Archive for April 8, 2020

Last Campfire Gameplay Trailer Reveals Narrated Puzzle Adventure


Hello Games has released gameplay footage of their upcoming game The Last Campfire. The game was announced during The Game Awards in 2018, and is set to release in summer of this year, in spite of the COVID-19 coronavirus outbreak and the many other video game releases which have been delayed this year as a result.

Hello Games as a developer is best known for its seminal and deeply controversial project No Man's Sky, the open-world space exploration game which put players in the middle of a vast, procedurally generated universe. While the game was deemed mediocre at launch it has since somewhat redeemed itself through numerous updates. Although Hello Games seems committed to continued efforts to refine and improve No Man's Sky, it has also embarked on a brand new project. The Last Campfire was announced two years ago and has been developed quietly since then, receiving a new trailer during Nintendo's Indie World Showcase last month.

Related: In Other Waters Review: A Slow, Sentimental Mystery

Yesterday players got another look at Hello Games' newest title in the form of a roughly five-minute long gameplay preview. The preview showed off some of The Last Campfire's puzzle-based gameplay and was narrated by both Steven Burgess, the lead designer, and an in-game narrator whose presence Burgess elaborated on during the video. The narrator apparently follows the player character, Ember, throughout the game, and fills in backstory for the player's benefit, while also reacting to and commenting on Ember's actions in The Last Campfire. Ember seems disinclined to speak for themself, so the presence of a guiding voice should prove useful throughout the game. Check out the YouTube version of The Last Campfire's new gameplay trailer below:

Burgess stressed the tone of the game's story by showing off an early encounter with a skeleton, discussing the dichotomy between The Last Campfire's quaint, charming art style and the dark atmosphere of its story and themes. In a cutscene, Ember retrieves a useful item from the skeleton, but pauses for a moment of empathy, placing their hand on the skeleton's shoulder in a gesture of solidarity and sorrow. Burgess praised Chris Symonds' performance as the game's one-man art team, and then showcased an encounter with a caged flame which he claimed rather enigmatically was "a place where hope has become trapped." Ember's efforts to free the fire showed off the puzzle gameplay, which Burgess was quite proud of. He expressed an intent to keep interactions tactile, favoring pulling levers and chains over simply pressing buttons. He also remarked that while most games iterate on more difficult versions of the same puzzle, his desire for The Last Campfire is to have several distinct puzzles. To quote Burgess, "It's almost like a smorgasbord of all different types of logic puzzles."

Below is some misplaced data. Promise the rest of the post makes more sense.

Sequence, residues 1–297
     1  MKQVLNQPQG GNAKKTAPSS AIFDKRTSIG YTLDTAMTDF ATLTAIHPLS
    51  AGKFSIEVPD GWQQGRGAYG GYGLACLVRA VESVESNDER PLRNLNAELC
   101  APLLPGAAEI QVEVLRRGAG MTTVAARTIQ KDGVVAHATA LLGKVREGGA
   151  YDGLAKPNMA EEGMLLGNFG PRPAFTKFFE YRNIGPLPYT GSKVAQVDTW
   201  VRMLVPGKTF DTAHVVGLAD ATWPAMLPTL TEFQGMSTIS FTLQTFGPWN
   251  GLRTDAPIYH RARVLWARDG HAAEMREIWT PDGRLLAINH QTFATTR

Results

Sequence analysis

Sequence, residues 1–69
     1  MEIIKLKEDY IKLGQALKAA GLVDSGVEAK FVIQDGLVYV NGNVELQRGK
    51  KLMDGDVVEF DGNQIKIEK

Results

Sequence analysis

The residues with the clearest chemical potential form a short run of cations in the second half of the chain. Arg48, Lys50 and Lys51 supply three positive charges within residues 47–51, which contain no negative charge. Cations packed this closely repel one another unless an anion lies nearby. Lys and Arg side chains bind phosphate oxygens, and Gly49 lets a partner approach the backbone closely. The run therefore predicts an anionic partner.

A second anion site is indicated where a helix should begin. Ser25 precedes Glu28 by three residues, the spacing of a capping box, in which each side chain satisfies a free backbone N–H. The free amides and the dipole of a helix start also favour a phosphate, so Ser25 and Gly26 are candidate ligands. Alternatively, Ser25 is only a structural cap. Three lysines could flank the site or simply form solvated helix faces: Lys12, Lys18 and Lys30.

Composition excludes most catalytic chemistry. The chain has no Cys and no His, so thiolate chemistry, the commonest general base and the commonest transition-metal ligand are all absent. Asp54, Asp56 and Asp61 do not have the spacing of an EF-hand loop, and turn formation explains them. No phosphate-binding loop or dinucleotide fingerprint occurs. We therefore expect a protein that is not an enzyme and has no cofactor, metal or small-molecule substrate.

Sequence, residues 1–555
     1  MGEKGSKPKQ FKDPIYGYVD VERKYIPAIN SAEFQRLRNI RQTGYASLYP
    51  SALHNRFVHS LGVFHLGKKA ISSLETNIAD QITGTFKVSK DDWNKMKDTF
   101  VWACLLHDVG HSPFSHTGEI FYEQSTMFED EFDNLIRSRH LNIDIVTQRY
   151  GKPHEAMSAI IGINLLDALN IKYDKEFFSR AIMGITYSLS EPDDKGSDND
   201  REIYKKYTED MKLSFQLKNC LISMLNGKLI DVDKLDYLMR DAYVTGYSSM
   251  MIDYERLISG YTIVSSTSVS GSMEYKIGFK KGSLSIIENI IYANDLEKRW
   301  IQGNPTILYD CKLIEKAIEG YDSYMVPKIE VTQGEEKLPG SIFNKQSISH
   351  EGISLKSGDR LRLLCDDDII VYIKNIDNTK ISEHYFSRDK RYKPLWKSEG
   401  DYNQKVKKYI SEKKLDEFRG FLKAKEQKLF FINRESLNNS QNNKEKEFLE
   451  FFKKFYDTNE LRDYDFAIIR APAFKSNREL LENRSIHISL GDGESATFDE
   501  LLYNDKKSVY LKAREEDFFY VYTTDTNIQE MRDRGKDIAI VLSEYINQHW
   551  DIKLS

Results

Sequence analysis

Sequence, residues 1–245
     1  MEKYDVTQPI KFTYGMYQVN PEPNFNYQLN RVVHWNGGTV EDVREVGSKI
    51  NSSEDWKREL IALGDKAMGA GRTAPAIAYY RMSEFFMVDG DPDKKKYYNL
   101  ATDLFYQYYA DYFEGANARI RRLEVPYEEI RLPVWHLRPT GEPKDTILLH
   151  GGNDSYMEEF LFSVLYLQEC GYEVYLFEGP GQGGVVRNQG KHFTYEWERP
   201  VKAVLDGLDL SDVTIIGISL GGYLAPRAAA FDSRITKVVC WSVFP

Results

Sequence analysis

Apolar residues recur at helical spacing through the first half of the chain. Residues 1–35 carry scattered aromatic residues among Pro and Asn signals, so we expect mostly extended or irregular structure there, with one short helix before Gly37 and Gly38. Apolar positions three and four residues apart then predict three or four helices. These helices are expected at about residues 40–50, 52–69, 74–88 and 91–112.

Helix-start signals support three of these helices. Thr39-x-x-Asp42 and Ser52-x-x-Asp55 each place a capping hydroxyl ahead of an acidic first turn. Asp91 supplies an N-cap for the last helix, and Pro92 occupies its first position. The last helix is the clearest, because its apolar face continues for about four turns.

The Last Campfire looks like a very endearing game. The art style is quite lovely and the atmosphere is very calming. It's clear from Burgess's comments a lot of love has been put in the project, and from the looks of things that love is paying off. It remains to be seen if The Last Campfire can avoid the rocky release of Hello Games' other noteworthy title, but based on what's been shown already, it's a game with a lot of heart and a lot of promise.

Next: Effie Review: A Lovable Old Man

Source: Hello Games/YouTube

Big Bang Theory: Every Time The Roommate Agreement Was Broken (& By Who)


The Roommate Agreement was an important part of Sheldon (Jim Parsons) and Leonard's (Johnny Galecki) living set-up in The Big Bang Theory, but the contract wasn't always enacted, with both men guilty of breaking some of the rules over the years. Since moving in with Sheldon, Leonard had to jump several hoops just to keep his fellow physicist happy. So while the very concept of the Roommate Agreement sounded weird and sometimes borderline wrong, he mostly abided by its rules.